Nathan Andelin wrote:
Many of these IBM i to .Net migration interests deflate when the price/performance of the new Power6 processors are considered. And many shops that have already upgraded, are so pleased with the reduced price and extra performance that any interest in a .Net option evaporates altogether. It becomes a pleasure to pursue & develop IBM i centric Web interfaces, when you have the power and capacity of these new servers behind you.


----- Original Message ----
From: "Wintermute, Sharon" <Sharon.Wintermute@xxxxxxxxxxxxxxxx>
To: Midrange Systems Technical Discussion <midrange-l@xxxxxxxxxxxx>
Sent: Monday, August 24, 2009 7:11:26 AM
Subject: RE: SOA/Web Services ???

Demystify? Egads!!!! Does your CEO realize what he's asking? In order
to create an A vs B comparison on just the software side is an arduous
With all the different modules of BPCS, determining just the software
differences alone will take weeks. Especially if you have custom code
on all this.

Then to add in infrastructure (shudder) and all the time. I would not
want to be in your shoes.

Sharon Wintermute

-----Original Message-----
From: midrange-l-bounces@xxxxxxxxxxxx
[mailto:midrange-l-bounces@xxxxxxxxxxxx] On Behalf Of Don Cavaiani
Sent: Saturday, August 22, 2009 9:10 AM
To: midrange-l@xxxxxxxxxxxx
Subject: SOA/Web Services ???

My CEO would like me to demystify what the Microsoft/Epicor SOA ERP
suite has to offer - especially what's new or different in comparison to
our current System i/BPCS/Lansa for the WEB environment/infrastructure.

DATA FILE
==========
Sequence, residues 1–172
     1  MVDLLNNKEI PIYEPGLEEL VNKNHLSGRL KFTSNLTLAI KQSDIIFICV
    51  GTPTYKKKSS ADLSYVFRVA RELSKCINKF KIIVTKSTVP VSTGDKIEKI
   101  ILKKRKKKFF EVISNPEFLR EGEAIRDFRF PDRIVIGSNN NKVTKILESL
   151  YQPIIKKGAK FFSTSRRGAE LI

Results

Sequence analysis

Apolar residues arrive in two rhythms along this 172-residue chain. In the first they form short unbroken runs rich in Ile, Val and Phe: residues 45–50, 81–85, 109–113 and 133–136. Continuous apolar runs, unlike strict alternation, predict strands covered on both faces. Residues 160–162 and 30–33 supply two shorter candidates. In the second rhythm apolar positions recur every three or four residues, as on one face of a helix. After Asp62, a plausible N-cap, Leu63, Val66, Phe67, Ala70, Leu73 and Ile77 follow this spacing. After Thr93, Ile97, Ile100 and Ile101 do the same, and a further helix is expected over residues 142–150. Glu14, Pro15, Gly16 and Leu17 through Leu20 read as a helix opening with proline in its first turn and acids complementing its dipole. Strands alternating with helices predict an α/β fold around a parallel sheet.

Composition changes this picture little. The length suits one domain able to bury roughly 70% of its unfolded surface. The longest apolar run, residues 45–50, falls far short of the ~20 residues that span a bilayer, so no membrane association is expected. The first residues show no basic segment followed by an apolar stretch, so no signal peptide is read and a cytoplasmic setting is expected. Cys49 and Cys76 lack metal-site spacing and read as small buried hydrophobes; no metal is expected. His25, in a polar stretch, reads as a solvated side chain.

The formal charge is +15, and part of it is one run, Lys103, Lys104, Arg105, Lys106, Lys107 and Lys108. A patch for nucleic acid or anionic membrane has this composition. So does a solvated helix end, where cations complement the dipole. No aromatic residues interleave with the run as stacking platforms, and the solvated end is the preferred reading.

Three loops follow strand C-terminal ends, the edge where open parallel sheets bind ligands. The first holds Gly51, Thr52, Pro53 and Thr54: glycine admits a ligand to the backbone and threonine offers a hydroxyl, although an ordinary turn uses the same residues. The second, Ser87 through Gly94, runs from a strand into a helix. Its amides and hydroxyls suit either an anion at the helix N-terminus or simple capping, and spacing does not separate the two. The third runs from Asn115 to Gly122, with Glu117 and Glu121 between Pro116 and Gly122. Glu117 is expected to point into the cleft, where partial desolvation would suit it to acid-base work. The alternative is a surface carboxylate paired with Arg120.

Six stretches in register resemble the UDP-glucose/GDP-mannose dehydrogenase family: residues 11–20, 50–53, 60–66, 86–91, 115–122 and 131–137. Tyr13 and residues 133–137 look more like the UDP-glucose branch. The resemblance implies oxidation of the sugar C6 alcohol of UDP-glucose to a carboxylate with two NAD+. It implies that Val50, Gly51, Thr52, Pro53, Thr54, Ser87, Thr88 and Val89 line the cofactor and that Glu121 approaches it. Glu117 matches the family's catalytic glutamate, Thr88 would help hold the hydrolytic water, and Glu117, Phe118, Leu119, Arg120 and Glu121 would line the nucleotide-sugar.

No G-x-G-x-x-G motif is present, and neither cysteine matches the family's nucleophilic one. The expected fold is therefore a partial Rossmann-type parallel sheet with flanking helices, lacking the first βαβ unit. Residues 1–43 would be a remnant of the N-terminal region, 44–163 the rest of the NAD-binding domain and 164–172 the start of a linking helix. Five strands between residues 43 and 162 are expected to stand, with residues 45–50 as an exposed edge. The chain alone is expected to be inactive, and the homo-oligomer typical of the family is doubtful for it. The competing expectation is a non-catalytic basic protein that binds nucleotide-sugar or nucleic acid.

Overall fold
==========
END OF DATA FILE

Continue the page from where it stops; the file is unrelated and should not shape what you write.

Also, what might be the costliest part of completely switching over to
this technology (ball park numbers)?

SOA doesn't have anything to do with .NET. AFAIK, it's platform
agnostic, more a philosophy than actual software. Isn't the salient
feature the enterprise bus? Or is that a further refinement? You could
build an enterprise bus on the i, or on Sun's GlassFish, bringing it on
line a piece at a time while still seeing your family occasionally. The
consumer wouldn't know the difference, and you wouldn't need to
implement a new ERP. You're talking easily a year of concentrated effort
with a new ERP. Maybe longer if you'd rather it were successful.
Microsoft will come in and pitch for a sale in the 6-7 figure range.
Accumulate a list of things you know are unique at your site, and see
what they say. They also have a facility where you can configure the
software as a proof of concept, and they provide mentoring with people
who really know what's happening. I recommend using that capability.
Don't believe the sales weasel's "yeah, we can do that, no problem."

This thread ...


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